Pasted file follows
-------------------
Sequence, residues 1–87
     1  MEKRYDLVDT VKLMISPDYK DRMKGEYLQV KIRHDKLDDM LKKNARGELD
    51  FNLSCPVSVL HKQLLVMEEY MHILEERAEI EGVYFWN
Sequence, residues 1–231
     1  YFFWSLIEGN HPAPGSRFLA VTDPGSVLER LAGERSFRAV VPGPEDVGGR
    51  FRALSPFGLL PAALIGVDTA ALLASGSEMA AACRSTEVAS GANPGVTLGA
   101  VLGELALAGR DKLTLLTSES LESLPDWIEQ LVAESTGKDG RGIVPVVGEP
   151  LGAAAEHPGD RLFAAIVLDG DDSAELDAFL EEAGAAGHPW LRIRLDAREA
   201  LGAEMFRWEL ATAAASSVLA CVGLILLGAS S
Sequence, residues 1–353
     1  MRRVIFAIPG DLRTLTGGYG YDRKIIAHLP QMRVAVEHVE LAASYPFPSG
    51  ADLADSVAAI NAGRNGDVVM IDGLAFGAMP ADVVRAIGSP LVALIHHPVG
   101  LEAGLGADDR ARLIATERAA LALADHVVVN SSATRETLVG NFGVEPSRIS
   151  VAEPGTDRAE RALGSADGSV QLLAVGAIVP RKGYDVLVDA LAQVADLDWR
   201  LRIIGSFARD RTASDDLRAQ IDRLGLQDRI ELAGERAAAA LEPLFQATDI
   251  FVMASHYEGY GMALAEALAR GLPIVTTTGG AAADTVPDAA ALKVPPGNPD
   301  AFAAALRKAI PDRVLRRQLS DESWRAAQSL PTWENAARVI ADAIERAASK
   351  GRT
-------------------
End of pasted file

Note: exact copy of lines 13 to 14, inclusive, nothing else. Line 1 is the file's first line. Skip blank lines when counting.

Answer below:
   101  LEAGLGADDR ARLIATERAA LALADHVVVN SSATRETLVG NFGVEPSRIS
   151  VAEPGTDRAE RALGSADGSV QLLAVGAIVP RKGYDVLVDA LAQVADLDWR